Arthur J. Caputi, Jr. Retires From The American Vineyard Foundation After 35 Years of Service
NAPA (January 17, 2014) – Arthur J. Caputi, Jr., known to industry friends and colleagues as Art, has announced his retirement from the American Vineyard Foundation (AVF) where he has served as an integral member of the AVF Executive Committee and a founding board member since the foundation's establishment in 1978. A respected mentor, pioneer and advocate for the improved progression of the wine and grape industry through research, the AVF honors Art's contributions to the organization and his invaluable impact on the American wine community not only during his 35-year tenure with the AVF, but over his successful career in the industry spanning an unprecedented 63 years.
Prior to the founding of the AVF, Art's interest in chemistry blossomed within the winemaking and research laboratories of E. & J. Gallo starting as a teenager in 1950 where he worked summers until completing his education. What began as an interest quickly became a passion, leading Art toward an illustrious career at Gallo where he conducted countless seminal research projects.
Art built one of the first gas chromatographs used for wine analyses; improved methods for total acidity measurements; developed methods for metals analysis; researched electrodialysis (in the late 60's, almost 40 years before the membrane technology caught up to make it practical); developed methods for carbon dioxide measurement; pioneered the use of Clark electrodes for oxygen measurement in wine; initiated collaborative analysis studies; and worked with U.C. Davis to ascertain the factors involved in ethyl carbamate formation.
Concurrent with his tenure at Gallo, Art helped found the AVF in 1978, served as the American Society for Enology & Viticulture (ASEV) president from 1979-1980 and was an ASEV board member for 20 years, as well as chair of the ASEV Technical Projects Committee. In 2000, the ASEV honored Art's significant contributions to the Society and the wine and grape industry for 50 years with the Society's Merit Award following Art's retirement from Gallo as vice president of technical services. Over the past decade Art has remained active within the industry as an independent consultant, and has also continued to be instrumental in the growth and success of the AVF.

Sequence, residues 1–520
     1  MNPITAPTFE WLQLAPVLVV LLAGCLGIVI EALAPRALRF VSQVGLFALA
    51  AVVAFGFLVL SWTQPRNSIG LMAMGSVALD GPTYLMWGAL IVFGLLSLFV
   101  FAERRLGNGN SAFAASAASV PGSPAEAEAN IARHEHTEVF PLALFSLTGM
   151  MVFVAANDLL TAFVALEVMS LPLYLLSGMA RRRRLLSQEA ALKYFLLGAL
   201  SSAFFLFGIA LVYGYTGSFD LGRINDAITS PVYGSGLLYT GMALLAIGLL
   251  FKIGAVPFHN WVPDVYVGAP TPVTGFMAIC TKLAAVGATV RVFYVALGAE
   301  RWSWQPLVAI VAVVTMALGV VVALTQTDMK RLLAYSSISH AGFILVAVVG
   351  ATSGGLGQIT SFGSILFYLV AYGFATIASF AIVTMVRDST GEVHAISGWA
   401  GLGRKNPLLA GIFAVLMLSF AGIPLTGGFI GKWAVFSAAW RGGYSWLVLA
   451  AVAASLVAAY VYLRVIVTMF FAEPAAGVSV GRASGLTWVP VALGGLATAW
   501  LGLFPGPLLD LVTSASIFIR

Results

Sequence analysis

"On behalf of the AVF Board of Directors, we sincerely thank Art for his longtime AVF involvement and dedicated service to the industry and research community," said Scott Deitrick, administrative manager, American Vineyard Foundation. "As a founding member of the organization, the AVF was most fortunate to have Art's direction, expertise and leadership behind its development and pursuit to advance the industry through research."
Art departs the AVF with a legacy that will live on for winemaking generations to come. The AFV acknowledges Art's fortitude that has led to multiple viticultural and enological milestones over the past 60 years and will continue the progressive vision of one of its most inspiring leaders.
About the American Vineyard Foundation
The American Vineyard Foundation (AVF) is a nonprofit organization that enjoys generous voluntary industry support for research in viticulture and enology. The AVF provides a unique opportunity to unify the industry through efficient funding of basic and applied research contributing to the American grape and wine industry's position as the world's leader. For more information visit www.avf.org.